IP is often one of the most valuable assets of your company. IP registrations are key at a very early stage. Most entrepreneurs are aware of trade mark registrations but IP isn’t just your logo and trading name. Depending on the nature of your business, you may have a wide range of IP rights to protect. If you’re developing something that might be patentable, take specialist advice straight away as the application process is complex and time consuming, and successfully obtaining a patent could seriously impact the value of your business. If you’re a tech provider, your source code will attach copyright and you need to ensure that this is properly licensed and protected in your customer contracts. If you’re using third party IP as part of your services, you must ensure that you have the correct rights to do this and that the IP structure is sufficiently clear in your supply contracts (and then flowed down in your customer contracts). If you are building something for your client, are there elements of what you’ve created that will be owned by the client rather than retained by your business? Do you need a licence to continue using that IP? For example, as a graphic designer you may be producing materials for your customers which they will pay to own. In that scenario, you’d probably be happy to hand over the IP but think about whether you want to retain the right to use copies of your work in your own marketing materials. Again, this should be dealt with in your contracts.

  • Privacy Notices

There’s no doubt that you’re aware of at least some of the obligations imposed on businesses by data protection legislation (specifically the GDPR). One of the requirements is to issue a notice to ‘data subjects’ (i.e. the individuals whose personal data you’re processing) explaining certain things about what information you collect, what you’re doing with it and how long it will be kept. For any personal data where you are acting as the data controller, privacy notices are a key part of your data protection compliance and its important that they are made available to the individuals at the time you’re collecting the personal data, not as an afterthought (as this doesn’t meet the legal requirements). This doesn’t just apply to customer data but also applies to employee personal data.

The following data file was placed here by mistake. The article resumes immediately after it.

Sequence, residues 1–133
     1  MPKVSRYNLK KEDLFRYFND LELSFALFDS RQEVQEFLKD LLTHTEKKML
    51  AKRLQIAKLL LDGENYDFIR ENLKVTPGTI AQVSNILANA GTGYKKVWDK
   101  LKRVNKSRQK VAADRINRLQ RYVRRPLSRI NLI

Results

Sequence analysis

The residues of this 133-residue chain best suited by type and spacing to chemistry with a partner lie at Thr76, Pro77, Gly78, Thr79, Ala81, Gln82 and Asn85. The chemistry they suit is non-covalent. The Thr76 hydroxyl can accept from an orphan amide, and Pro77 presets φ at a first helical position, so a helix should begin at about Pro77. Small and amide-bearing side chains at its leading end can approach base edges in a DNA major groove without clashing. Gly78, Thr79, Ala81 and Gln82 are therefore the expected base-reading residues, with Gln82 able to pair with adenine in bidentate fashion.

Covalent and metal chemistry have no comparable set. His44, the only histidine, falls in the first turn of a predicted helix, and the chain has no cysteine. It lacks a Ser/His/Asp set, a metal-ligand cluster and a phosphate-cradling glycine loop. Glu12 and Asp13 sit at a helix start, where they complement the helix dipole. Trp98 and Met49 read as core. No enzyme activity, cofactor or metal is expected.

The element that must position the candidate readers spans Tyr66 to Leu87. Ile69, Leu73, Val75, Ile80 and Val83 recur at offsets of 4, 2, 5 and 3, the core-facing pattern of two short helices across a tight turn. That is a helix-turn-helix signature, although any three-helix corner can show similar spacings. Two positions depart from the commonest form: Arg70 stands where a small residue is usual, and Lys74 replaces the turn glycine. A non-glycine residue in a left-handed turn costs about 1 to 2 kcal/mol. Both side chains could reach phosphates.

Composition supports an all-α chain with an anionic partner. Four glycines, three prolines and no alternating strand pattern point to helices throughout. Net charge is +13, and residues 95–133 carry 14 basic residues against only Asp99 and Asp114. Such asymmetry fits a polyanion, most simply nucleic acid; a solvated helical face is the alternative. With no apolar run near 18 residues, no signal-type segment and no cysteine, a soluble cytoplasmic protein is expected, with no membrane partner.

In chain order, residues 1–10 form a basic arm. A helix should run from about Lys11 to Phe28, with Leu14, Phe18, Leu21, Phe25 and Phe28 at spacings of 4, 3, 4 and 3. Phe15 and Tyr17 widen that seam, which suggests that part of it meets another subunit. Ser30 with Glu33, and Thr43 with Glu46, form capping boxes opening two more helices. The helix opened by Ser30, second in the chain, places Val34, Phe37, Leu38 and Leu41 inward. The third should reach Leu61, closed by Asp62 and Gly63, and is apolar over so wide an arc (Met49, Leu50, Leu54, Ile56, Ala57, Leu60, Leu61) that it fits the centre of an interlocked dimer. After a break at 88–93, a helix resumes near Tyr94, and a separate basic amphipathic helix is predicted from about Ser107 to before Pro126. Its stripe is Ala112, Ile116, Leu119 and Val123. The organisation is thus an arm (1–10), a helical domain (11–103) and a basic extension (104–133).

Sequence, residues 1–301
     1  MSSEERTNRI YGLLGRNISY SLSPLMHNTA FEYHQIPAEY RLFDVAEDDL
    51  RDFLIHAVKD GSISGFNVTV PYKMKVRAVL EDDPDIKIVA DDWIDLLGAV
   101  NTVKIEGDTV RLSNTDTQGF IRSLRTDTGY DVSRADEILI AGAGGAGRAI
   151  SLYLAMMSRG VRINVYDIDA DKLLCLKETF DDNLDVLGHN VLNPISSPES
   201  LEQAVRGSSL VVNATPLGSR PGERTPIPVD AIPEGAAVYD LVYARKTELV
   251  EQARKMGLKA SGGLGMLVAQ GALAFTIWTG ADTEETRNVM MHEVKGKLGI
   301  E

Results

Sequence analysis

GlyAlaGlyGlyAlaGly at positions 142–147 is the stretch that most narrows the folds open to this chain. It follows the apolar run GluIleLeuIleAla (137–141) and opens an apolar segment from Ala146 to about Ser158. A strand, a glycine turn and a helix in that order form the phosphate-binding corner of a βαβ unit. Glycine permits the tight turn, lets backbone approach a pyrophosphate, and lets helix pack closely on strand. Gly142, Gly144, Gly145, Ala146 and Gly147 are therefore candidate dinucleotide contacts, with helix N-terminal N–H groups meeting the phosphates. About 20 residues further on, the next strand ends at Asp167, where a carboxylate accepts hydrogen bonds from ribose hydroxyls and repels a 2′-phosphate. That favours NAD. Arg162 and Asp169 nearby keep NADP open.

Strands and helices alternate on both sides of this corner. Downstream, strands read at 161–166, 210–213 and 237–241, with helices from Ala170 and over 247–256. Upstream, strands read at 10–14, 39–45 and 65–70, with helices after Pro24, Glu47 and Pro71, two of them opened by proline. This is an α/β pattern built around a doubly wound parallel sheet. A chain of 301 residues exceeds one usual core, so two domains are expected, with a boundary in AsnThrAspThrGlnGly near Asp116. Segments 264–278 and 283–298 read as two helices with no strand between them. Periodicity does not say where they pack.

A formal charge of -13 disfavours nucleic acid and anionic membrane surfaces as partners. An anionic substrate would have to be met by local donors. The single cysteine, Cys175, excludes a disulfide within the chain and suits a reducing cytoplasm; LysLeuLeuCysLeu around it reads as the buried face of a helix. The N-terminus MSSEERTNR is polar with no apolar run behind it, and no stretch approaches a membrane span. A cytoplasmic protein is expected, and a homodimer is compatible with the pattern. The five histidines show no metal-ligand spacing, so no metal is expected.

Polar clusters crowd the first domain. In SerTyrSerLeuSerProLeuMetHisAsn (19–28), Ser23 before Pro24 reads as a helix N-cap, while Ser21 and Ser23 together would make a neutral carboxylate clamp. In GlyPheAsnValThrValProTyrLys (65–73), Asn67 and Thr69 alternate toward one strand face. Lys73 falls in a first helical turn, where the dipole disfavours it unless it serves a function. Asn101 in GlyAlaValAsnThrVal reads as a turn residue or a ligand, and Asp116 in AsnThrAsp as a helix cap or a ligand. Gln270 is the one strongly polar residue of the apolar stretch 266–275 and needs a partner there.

• Employment and Consultancy Agreements

There are legal requirements when it comes to taking on employees and there’s certain information that you need to give employees in writing (which form part of their employment contract). Not only does an employment contract need to satisfy the legal requirements, having well-drafted employment contracts (and consultancy agreements) in place means you are better equipped to protect your confidential information, enforce any post-termination restrictions and deal with things like who owns any IP created during the course of the engagement. The latter is particularly important for consultancy agreements as independent consultants will automatically own any IP that they create for you, unless this is otherwise expressly set out in a consultancy agreement. This can cause significant issues if you’re then licensing that IP to your customers, without a proper right to do so (and this can also be a major headache if you come to sell your business).

The above isn’t an exhaustive list but focuses on the key commercial elements for the initial stages of your business; it is important to always consider each in the context of your business, as well as your appetite for risk. If you’re working in a regulated environment (such as financial services), there will be different legal and compliance requirements to meet before you start trading.

2. What else should business owners think about?

The previous list focuses on the key commercial contracts which you’ll need to either draft or review (or instruct a lawyer to do that for you) but there are a number of other areas that you’ll need to think about:

  • Insurance